All The Books I Can Read

1 girl….2 many books!

Review: Hidden Victims by LynDee Walker

on May 14, 2020

Hidden Victims (Nichelle Clarke Crime Thriller #8)
LynDee Walker
Severn River Publishing
2020, 338p
Copy courtesy of the author/publisher

Blurb {from the publisher/Goodreads.com}:

A letter from a dead man catapults Nichelle Clarke into the biggest story of her career…if she can stay alive long enough to report it.

Nichelle Clarke needs a big break.

With a new job and a new boss, she’s under pressure to find a story that will send papers flying off the racks—and money flying in the door.

When she learns that the widow of a beloved athlete is entangled in the opioid crisis, Nichelle sets out to track her down. But the story takes a turn when her interview prospect becomes a suspect—for murder.

Detectives have found a dead body, along with a letter addressed to Nichelle. Determined to uncover the truth, she jumps into the race to find the killer—even as it turns into a police manhunt for the now-missing widow. But this story leads Nichelle deep into a mystery where nothing is what it seems, and the truth behind a brutal murder is just the beginning.

A murder mystery series taut with gripping, authentic plots that only a former crime reporter could write.

***Please note there are some things in this review that would be regarded as ***SPOILERS*** for the events of previous books***

I really enjoy this series and am always excited for a new instalment. This one represents a time of extreme change in Nichelle’s life. After a few books of her struggling to find a place of harmony with the “big boss” at the daily newspaper where she worked, Nichelle and Bob both left to join a rival start up. Fast forward a few months and it’s been mixed. It’s not a daily which means that Nichelle is always behind Shelby (who now has her old job) and TV for scoops. She’s lost her mojo and her new boss Evan Connally isn’t as happy as he could be. Advertising is down and the lower it is, the fewer pages they can print. He might be wealthy but he’s also looking to make money. He needs Nichelle to find a story that is quintessentially what she’s become known for – gritty, exclusive and hard hitting. That’s a little hard to do when everyone else beats you to publication. And Nichelle knows that she’s not at her best. Enter Jordan Pierce, a marketing guru hired to bring in the dollars and he’s not afraid to tell Nichelle that what she’s following has no clicks….he hasn’t met Nichelle before though, so telling her not to do something is basically pointless.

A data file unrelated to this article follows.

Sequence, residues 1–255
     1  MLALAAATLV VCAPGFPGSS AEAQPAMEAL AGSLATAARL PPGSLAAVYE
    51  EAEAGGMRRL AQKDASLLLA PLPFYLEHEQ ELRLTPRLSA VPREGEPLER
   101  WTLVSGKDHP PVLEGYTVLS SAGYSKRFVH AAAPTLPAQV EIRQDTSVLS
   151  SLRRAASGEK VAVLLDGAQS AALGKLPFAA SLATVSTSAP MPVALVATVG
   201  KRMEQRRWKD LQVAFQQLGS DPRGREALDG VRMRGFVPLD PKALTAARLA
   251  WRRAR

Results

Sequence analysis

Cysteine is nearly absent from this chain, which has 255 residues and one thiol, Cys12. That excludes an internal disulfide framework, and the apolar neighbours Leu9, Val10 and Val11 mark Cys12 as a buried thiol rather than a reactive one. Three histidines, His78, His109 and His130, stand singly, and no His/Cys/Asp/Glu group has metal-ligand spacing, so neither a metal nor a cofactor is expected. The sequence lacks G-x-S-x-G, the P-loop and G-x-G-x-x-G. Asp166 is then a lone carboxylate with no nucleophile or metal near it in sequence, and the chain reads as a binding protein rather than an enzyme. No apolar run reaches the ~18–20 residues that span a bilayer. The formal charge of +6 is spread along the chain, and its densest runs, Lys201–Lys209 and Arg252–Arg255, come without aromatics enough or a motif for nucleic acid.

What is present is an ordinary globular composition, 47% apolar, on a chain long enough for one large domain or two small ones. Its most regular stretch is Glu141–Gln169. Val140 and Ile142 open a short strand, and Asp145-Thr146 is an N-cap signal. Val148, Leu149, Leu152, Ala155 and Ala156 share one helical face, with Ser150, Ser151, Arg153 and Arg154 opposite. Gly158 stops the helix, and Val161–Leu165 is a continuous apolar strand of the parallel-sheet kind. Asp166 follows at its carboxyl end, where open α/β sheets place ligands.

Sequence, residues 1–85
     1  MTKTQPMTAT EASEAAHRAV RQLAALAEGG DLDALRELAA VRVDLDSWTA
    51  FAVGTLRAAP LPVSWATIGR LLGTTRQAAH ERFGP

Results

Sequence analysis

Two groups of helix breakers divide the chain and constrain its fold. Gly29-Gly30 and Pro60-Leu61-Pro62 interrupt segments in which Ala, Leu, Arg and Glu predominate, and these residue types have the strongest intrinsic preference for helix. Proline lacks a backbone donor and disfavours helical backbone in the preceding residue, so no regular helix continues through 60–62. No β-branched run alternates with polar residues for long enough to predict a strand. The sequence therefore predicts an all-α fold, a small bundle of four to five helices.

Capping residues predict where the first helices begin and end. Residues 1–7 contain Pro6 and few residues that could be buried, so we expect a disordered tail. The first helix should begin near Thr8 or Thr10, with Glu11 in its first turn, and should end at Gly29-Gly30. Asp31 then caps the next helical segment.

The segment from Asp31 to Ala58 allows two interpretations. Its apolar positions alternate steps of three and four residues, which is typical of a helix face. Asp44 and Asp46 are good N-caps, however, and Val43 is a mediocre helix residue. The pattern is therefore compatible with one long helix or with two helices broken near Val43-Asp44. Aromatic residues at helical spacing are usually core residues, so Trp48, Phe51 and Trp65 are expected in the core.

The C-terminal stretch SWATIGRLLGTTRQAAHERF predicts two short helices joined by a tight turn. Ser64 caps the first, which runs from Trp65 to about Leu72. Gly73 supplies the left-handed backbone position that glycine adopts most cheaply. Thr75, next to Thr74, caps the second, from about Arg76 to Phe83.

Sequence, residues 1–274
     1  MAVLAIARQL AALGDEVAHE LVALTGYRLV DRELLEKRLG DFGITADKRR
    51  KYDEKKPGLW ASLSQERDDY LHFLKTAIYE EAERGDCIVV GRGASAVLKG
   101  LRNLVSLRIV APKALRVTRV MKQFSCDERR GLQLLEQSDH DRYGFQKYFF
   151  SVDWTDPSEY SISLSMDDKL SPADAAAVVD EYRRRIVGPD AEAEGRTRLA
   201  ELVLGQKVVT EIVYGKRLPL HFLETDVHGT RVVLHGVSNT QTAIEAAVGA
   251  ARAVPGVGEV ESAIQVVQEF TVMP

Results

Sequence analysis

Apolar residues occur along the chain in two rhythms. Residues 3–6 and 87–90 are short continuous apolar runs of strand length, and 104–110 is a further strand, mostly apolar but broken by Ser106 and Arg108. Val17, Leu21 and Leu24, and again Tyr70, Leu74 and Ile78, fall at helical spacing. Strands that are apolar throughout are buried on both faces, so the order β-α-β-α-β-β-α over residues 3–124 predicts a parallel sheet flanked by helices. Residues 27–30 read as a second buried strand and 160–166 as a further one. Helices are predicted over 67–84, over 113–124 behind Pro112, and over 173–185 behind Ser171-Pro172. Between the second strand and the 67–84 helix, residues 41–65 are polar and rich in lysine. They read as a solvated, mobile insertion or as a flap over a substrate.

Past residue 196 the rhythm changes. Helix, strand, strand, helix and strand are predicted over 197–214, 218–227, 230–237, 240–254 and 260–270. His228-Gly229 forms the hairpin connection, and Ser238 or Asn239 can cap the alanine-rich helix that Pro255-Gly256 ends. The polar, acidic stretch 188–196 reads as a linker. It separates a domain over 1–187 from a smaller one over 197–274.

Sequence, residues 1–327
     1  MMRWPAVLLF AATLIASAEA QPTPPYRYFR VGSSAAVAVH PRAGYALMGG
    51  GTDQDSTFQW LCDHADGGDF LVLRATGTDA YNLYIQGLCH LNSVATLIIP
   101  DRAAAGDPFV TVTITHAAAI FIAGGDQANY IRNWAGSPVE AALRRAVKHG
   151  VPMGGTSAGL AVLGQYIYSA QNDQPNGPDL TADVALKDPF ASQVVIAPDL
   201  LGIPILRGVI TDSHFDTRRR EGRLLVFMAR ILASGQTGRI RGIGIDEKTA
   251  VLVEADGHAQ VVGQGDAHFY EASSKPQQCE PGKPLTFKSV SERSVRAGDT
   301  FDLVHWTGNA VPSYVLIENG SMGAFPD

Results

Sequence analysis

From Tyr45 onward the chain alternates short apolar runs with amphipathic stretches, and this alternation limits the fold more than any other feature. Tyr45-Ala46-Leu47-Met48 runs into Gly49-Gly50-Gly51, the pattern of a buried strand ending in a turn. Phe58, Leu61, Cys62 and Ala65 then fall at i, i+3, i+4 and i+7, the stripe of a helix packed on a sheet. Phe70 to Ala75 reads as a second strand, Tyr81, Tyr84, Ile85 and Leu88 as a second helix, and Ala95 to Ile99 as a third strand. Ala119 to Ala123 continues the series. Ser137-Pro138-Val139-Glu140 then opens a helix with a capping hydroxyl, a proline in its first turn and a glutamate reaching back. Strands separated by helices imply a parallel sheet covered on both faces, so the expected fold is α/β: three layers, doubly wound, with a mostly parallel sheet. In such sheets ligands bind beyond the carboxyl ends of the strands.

Around the same time she changed jobs, Joey, Nichelle’s lover with “connections” made a decision so that they might have a future and for now, he’s essentially lost to her. Nichelle has no idea where he is or even if he’s okay. What he’s doing is incredibly dangerous and she’s well aware of the fact that she may never see him again. It makes it hard to concentrate and she must keep up a role-play that he dumped her and disappeared, so that she’s safe and people are thrown off the scent. She’s also incredibly mad at Kyle, her friend and ex, for lying to her. In short, Nichelle has lost several of the people she cared about the most and also her “sounding boards” when she needed to figure stuff out.